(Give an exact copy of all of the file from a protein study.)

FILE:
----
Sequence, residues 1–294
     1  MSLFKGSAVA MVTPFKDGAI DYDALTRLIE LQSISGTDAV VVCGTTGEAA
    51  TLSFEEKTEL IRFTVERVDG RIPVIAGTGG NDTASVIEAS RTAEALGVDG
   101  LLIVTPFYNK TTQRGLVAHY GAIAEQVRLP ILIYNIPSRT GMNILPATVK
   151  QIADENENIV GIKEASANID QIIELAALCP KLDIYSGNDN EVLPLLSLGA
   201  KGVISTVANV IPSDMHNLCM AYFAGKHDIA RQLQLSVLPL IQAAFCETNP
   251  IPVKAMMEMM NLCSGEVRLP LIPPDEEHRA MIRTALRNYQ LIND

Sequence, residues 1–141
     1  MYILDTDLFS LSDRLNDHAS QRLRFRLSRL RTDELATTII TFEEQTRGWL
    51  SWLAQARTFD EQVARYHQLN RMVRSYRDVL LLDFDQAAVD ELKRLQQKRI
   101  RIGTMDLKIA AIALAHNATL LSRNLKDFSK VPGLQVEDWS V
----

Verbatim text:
Sequence, residues 1–294
     1  MSLFKGSAVA MVTPFKDGAI DYDALTRLIE LQSISGTDAV VVCGTTGEAA
    51  TLSFEEKTEL IRFTVERVDG RIPVIAGTGG NDTASVIEAS RTAEALGVDG
   101  LLIVTPFYNK TTQRGLVAHY GAIAEQVRLP ILIYNIPSRT GMNILPATVK
   151  QIADENENIV GIKEASANID QIIELAALCP KLDIYSGNDN EVLPLLSLGA
   201  KGVISTVANV IPSDMHNLCM AYFAGKHDIA RQLQLSVLPL IQAAFCETNP
   251  IPVKAMMEMM NLCSGEVRLP LIPPDEEHRA MIRTALRNYQ LIND

Sequence, residues 1–141
     1  MYILDTDLFS LSDRLNDHAS QRLRFRLSRL RTDELATTII TFEEQTRGWL
    51  SWLAQARTFD EQVARYHQLN RMVRSYRDVL LLDFDQAAVD ELKRLQQKRI
   101  RIGTMDLKIA AIALAHNATL LSRNLKDFSK VPGLQVEDWS V